APR contact of previous night is back again.
With the barges and lugger destroyed, and the gasoline dump and boat house on fire and no more targets in sight, secured all guns and retired to seaward at high speed to join the LIZARDFISH who had been standing off the bay. Expended 33 rounds of 5 inch ammunition for about 28 hits. Decided to make a daylight coastal sweep of BALI Coast to Westward looking for luggers, sea trucks, and barges. Closed to about 1,000 years, stationed the crews at the 5 inch and 40MM guns. All gun crew members were put on sector lookout for planes. Started keying the SD radar. It is almost useless with so much land return.
APR contact steady on us at saturation.
Found TEMUKUS ROAD empty except for a sunken sea truck, and three native sail boats.
Lost sight of LIZARDFISH.
Sighted masts of several ships in BULELENG ROAD. This is stated by the Coast Pilot to be the largest trading station in BALI and also a Telegraph Cable Station. Jap radar is trained on us like a beacon but it cannot be seen.
The BAY is filled with native fishing vessels of all descriptions in addition to one steel sea truck, one wooden sea truck, one powered Sampan, and one type "H" Landing Barge. (Ship contact #5). The wooden Sea Truck is anchored farthest to the East and next is the beached Landing Barge, the motored Sampan and steel sea truck are farther west at the mouth of the river and to seaward of the anchored native sail boats. The greatest difficulty in this situation is to keep from hitting the native boats and homes. Fortunately there are no people along the waterfront. The steel sea truck and motor Sampan are well camouflaged with foliage. The barge appears to be very new, with a glistening coat of greyish-blue paint. With the APR contact steady on us at saturation pip, scanned the town and hills anxiously for a control station and possible shore batteries.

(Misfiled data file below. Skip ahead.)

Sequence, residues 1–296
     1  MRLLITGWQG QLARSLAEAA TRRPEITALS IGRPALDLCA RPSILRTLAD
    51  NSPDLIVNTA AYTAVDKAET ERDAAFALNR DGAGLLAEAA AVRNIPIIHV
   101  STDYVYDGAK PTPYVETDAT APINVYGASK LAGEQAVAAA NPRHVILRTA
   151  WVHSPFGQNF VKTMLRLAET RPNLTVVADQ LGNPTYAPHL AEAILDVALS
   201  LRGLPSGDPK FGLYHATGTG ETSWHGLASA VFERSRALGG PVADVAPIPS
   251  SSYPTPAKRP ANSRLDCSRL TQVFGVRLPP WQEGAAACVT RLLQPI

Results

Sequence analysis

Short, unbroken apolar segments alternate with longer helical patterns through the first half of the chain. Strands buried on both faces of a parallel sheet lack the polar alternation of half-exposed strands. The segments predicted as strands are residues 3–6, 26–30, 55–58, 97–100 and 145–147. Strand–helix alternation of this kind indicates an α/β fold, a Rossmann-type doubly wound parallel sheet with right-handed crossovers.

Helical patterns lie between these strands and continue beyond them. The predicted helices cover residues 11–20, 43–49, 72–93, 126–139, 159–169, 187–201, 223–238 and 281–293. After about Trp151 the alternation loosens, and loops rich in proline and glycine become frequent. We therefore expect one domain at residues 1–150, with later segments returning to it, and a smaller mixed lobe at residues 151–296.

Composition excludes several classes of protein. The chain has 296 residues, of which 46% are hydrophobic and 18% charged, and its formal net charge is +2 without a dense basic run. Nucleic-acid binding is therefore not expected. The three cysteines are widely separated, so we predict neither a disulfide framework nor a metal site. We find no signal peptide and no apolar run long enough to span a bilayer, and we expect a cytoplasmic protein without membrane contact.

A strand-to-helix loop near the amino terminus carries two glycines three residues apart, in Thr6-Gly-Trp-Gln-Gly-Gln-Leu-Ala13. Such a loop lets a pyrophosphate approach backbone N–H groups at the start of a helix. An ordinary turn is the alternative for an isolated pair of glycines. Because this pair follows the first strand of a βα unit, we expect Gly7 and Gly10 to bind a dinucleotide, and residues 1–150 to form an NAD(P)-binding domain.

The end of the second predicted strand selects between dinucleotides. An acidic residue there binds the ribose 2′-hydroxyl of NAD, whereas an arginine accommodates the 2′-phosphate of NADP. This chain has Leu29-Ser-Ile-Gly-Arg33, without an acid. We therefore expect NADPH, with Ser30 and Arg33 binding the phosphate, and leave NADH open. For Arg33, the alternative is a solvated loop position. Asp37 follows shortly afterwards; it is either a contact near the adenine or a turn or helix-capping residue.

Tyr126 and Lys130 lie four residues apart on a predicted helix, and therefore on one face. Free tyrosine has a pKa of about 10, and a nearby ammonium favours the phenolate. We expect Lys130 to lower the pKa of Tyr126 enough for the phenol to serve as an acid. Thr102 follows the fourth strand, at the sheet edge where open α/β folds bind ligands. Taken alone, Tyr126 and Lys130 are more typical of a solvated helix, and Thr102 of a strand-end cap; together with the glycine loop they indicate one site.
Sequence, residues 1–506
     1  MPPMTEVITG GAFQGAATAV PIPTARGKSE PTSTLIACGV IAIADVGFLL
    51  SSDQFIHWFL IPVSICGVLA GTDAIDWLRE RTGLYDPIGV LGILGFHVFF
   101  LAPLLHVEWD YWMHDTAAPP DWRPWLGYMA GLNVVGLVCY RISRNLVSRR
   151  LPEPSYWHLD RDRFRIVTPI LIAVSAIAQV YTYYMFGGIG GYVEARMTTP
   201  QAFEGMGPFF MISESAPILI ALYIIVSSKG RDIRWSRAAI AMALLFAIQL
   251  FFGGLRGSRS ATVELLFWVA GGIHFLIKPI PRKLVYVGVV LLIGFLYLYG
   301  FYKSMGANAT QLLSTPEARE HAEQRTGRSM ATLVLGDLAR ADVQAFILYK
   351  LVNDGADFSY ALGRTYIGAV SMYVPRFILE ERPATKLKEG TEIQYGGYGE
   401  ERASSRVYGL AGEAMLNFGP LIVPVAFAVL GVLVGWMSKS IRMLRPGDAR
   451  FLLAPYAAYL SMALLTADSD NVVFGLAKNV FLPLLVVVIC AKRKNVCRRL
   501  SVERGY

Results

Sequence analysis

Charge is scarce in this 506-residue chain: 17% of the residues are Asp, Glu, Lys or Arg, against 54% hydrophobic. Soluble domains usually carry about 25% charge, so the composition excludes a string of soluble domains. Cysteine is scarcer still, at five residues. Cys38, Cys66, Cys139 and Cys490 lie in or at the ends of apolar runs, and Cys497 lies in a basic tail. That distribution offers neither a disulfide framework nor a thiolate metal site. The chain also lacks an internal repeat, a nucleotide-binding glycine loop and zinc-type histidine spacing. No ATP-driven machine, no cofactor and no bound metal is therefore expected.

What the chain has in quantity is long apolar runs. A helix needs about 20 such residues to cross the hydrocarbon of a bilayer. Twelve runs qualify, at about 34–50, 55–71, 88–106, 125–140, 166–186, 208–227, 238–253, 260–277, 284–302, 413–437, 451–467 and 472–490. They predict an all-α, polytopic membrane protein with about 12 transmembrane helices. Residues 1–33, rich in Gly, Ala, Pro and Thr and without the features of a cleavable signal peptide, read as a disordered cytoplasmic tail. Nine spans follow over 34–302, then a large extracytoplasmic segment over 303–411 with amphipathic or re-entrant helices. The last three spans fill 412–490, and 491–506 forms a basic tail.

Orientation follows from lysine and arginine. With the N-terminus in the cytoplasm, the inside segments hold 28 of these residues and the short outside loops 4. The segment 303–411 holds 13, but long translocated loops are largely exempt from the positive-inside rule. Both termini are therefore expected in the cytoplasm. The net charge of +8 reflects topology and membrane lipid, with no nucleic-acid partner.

Opened fire with the 5 inch gun on the nearest target, an anchored wooden sea truck with relative bearing 075° , true bearing 145° , range, 1100 yards. Three rapid hits amidships broke the target in two pieces. Got several more hits into the bow and stern sections before the remnants of the target disappeared from sight. At this close range it was a revelation to see the power and destruction of this 5 inch High Capacity ammunition. Fourteen rounds expended. Shifted to the next target in the line, the brand new, shiny landing craft beached at the waters edge. It looked as if it had just been put into the water so we proceeded to christen it with three rapid hits, relative bearing 060, true bearing 130° , range 1200 yards. 5 rounds expended. This left the motor sampan and steel sea truck. Came left to unmask the 40MM gun and clear the PANARUKAN REEF. Shifted the 5 inch gun to the steel sea truck and the 40MM to the motor sampan. And then it happened! There was a wisp of smoke on the beach (at a spot we had previously passed at 800 yards) on our starboard quarter, the crack of a gun, and the splash of a shell about 15 feet off the starboard side near the bridge.